Kakatiya Kala Thoranam

Coordinates: 17°57′23″N 79°36′58″E / 17.956286°N 79.616053°E / 17.956286; 79.616053

Kakatiya Kala Thoranam (also called Warangal Gate) is a historical arch in the Warangal district, of the Indian state of Telangana in South India. The Warangal Fort has four ornamental gates which originally formed the gates to the destroyed great Shiva temple which are known as Kakatiya Kala Thoranam or Warangal Gates. The architectural feature of these historical arches of the Warangal Fort has been adopted as the symbol of the Kakatiya Dynasty and has been officially incorporated as the Emblem of Telangana for the state of Telangana.[1] These gates or arches in the Warangal Fort are said to have similarities with gateways of the Sanchi stupa; this fact has been endorsed by many.[2]

Kakatiya Kala Thoranam
Warangal fort.jpg
General information
TypeArch
LocationWarangal, Telangana, India
Completedcirca 1200 CE
Kakatiya Kala Thoranam (Warangal Gate) and Ruins

The arch was built around 12th century during the rule of the Kakatiya dynasty.[3] The Monument was included in the "tentative list" of UNESCO World Heritage Site. The Monument was submitted by the Permanent Delegation of India to UNESCO on 10/09/2010.[4][5]

Contents

HistoryEdit

The Kakatiya Kala Thoranam, or arch, is an extensive ornamented stone sculpture; reflective of four identical gates in the Warangal Fort, which was part of the great Swayambhusiva temple of Shiva in the fort built by Ganapati Deva (1199-1262) during the 12th century.[6] His daughter Rudrama Devi and Pratap Rudra II of the Kakatiya Dynasty added more fortifications to the fort which was laid in three concentric circles.[7] The four gateways (charkamou) were part of the temple which was destroyed by the Muslim invader Ulugh Khan during the 1323 invasion, as a part of their policy followed after their victories over territories, to desecrate Hindu temples.[7] The great temple of which the gates were integral is said to be comparable to the size and splendor of the Rudra Mahalaya Temple at Siddhpur in Gujarat.[8]

FeaturesEdit

A depiction of the arch forms the main symbol in the Emblem of Telangana for the state of Telangana.[9][10] This logo or emblem, in English, Telugu and Urdu is portrayed with a combination of green and gold, representing "Bangaru Telangana" (meaning:"Golden Telangana"). Also inscribed on the logo are the names of the Government of Telangana in English, and as "Telangana Prabhutvam" in Telugu and as "Telangana Sarkar" in Urdu. At the base of the logo there is an inscription in Sanskrit which says "Satyameva Jayate" (meaning: truth shall triumph).[1]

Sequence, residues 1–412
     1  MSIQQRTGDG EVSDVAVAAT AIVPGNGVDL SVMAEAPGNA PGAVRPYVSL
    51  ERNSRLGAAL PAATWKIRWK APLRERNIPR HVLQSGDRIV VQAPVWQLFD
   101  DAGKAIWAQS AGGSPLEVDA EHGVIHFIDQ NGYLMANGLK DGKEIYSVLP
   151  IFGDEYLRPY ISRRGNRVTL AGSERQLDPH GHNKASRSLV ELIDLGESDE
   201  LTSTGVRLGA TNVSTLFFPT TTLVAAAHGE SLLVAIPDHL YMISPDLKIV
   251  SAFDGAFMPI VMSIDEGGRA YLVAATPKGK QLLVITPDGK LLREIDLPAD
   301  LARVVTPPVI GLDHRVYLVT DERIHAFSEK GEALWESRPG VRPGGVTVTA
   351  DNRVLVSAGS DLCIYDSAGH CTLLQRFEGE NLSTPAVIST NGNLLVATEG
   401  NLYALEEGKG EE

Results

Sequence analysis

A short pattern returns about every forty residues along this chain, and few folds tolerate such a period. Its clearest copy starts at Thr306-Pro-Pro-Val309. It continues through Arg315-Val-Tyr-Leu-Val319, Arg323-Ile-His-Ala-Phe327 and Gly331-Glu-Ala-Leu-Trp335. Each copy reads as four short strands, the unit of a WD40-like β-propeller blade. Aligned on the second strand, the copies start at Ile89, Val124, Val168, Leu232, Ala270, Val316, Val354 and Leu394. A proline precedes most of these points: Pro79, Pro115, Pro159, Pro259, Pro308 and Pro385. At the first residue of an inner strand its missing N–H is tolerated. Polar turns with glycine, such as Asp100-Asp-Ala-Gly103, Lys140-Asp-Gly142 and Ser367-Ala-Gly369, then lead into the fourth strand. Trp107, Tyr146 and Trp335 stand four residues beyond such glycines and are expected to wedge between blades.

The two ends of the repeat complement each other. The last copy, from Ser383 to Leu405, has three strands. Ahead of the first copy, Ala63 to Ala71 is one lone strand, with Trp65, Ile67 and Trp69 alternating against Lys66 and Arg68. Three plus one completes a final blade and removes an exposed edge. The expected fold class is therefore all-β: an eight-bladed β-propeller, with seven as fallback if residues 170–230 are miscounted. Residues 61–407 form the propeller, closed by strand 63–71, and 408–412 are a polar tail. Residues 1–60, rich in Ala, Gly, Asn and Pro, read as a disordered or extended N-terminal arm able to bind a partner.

The central part of the fort, identified as the archaeological zone, contains the ruins of the great Swayambhusiva temple, now seen with only the free standing "Entrance Portals", or gates on the four sides, all being similar in design. Each gate has twin pillars with angled brackets over which lies the huge lintel; the height of this gate being 10 metres (33 ft). The gates have extensive intricate carvings of "lotus buds, looped garlands, mythical animals, and birds with foliated tails". They do not depict any religious symbols, said to be the reason for its preserved condition for not being destroyed by Muslim invaders.[11][8] The gates at the northern and southern ends are 480 feet (150 m) apart. The eastern and western gates are at a distance of 433 feet (132 m) apart.[8]

ReferencesEdit

  1. ^ a b "Kakatiya arch, Charminar in Telangana state logo". The Deccan Chronicle. 30 May 2014. Retrieved 1 July 2015.
  2. ^ Prasādarāvu 1989, p. 35.
  3. ^ "Telangana government launches its own logo". Business Today. 31 May 2014.
  4. ^ Centre, UNESCO World Heritage. "The Qutb Shahi Monuments of Hyderabad Golconda Fort, Qutb Shahi Tombs, Charminar - UNESCO World Heritage Centre". whc.unesco.org.
  5. ^ http://epaper.timesofindia.com/Default/Layout/Includes/EDU/ArtWin.asp?From=Archive&Source=Page&Skin=EDU&BaseHref=TOIM%2F2012%2F06%2F24&ViewMode=HTML&PageLabel=22&EntityId=Ar02201&AppName=1
  6. ^ Singh 2007, p. 297.
  7. ^ a b Eaton 2005, p. 20.
  8. ^ a b c Cousens 1900, p. 47.
  9. ^ "Charminar, Kakatiya arch in 'T' logo". The Hindu.
  10. ^ "Has Telangana government got the emblem wrong?". The Times of India.
  11. ^ Michell 2013, p. 296.

BibliographyEdit